We all love the Bundesliga. The teams play great football, the fans own the teams, you can drink beer in the stands and everybody rides unicorns to the stadiums. Well, that last bit may not be true, but we’re very excited for the return of Germany’s top flight this weekend. Here’s the major storylines you need to look out for…
5. Can RB Leipzig compete with the big boys?
There is a controversial new side in this season’s Bundesliga. RB Leipzig were formed in 2009 when a certain behemoth energy drink company bought the playing licence from fifth-tier side SSV Markranstädt, with the aim of pumping enough money in to reach the top flight within a decade.
They achieved that target with a few seasons to spare, but not without rattling a few cages—their relatively short history and overt energy drink branding (the “RB” technically stands for “RasenBallsport” but you know what it is) have irked fans who are used to seeing sides that are majority owned by members, rather than billionaires or corporations.
RB Leipzig will also be the first team from former East Germany to compete in the Bundesliga in seven years.
The current squad includes American forward Terence Boyd and Sami Khedira’s brother Rani, plus they have strengthened this season with young striker Timo Werner and midfielder Naby Keita from their Austrian sister club RB Salzburg.
They’re not likely to trouble the top of the league, but Red Bull co-founder and billionaire Dietrich Mateschitz believes a Bundesliga title is a distinct possibility in the future.
4. Will Wolfsburg get back into the top four?
RB Leipzig are disliked for their corporate ownership, a burden they share with Leverkusen (who are owned by pharmaceutical giant Bayer) and Wolfsburg (who were founded by Volkswagen.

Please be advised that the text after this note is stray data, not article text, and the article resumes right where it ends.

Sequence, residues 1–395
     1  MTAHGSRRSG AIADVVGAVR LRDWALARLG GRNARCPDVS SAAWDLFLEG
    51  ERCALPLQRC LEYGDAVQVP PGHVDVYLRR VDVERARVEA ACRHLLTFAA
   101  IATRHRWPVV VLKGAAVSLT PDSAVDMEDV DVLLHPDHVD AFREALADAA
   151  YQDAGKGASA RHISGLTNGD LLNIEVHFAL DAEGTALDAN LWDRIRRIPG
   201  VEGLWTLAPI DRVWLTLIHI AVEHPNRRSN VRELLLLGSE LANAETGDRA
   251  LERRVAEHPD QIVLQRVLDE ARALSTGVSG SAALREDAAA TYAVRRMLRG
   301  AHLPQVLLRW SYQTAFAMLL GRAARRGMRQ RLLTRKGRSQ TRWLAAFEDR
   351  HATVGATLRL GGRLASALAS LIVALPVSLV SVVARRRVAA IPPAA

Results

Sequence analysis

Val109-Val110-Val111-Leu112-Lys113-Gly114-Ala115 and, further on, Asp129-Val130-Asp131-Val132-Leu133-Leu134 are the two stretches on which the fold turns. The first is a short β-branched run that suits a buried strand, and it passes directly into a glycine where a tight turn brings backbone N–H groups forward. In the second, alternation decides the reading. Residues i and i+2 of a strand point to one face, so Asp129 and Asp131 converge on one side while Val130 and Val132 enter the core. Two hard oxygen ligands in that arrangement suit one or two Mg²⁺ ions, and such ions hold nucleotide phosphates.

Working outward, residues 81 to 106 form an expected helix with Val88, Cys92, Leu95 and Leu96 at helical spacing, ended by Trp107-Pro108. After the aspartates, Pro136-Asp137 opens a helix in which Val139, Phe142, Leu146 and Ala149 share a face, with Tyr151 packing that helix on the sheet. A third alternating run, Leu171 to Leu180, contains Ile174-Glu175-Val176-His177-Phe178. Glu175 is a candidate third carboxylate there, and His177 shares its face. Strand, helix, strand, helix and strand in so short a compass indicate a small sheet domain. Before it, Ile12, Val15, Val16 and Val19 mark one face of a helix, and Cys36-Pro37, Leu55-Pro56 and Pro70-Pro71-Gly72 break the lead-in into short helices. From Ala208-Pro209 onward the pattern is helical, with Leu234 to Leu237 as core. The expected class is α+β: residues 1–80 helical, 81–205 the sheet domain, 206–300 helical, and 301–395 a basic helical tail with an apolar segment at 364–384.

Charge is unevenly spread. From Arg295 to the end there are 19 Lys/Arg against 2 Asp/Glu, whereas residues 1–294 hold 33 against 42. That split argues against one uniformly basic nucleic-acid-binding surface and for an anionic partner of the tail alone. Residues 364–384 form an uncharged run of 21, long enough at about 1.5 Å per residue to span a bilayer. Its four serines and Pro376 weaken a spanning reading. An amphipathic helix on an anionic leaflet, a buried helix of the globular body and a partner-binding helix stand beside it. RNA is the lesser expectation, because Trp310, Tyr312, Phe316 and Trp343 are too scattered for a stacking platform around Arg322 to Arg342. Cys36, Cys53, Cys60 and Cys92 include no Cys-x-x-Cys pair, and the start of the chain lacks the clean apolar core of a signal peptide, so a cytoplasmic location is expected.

Wolfsburg is a relatively new city (it was founded in the 1930s when the auto maker started building cars there) and they are regarded as the most “plastic” team in the league. Their magnus opus was the 2008-09 season when Felix Magath’s side stole the league title from under Bayern Munich’s nose—and Brazilian striker Grafite and Edin Dzeoke scored a ridiculous 54 league goals between them.
Die Wolfe have had mixed fortunes since that title win—they narrowly avoided relegation in 2010-11—but they finished second in 2014-15, having acquired Andre Schurrle and, er, Nicklas Bendtner.
But last season was disappointing. Despite bringing in Dante, Julian Draxler and Max Kruse, they finished in eighth position.
In this campaign, Dieter Hecking’s side will almost certainly be a stronger outfit: they may have lost Kruse and Shurrle, but they’ve spent big on Jakub Błaszczykowski, Jeffrey Bruma and national team star Mario Gomez.
They won their first pre-season friendly 14-0, so it’s obvious they mean business.
3. Will Bayer Leverkusen always be the bridesmaid, never the bride?
If any team in the Bundesliga knows about being on the precipice of glory, it’s Leverkusen.
Between 1997 and 2011 they finished runner-up in the league five times. They have placed in the top four in three out of four seasons since.
Last season, they finished third, with more than 30% of their league goals coming from Javier Hernandez; the Mexican forward who had been cast aside by Louis Van Gaal and picked up for a bargain-of-the-season €12m.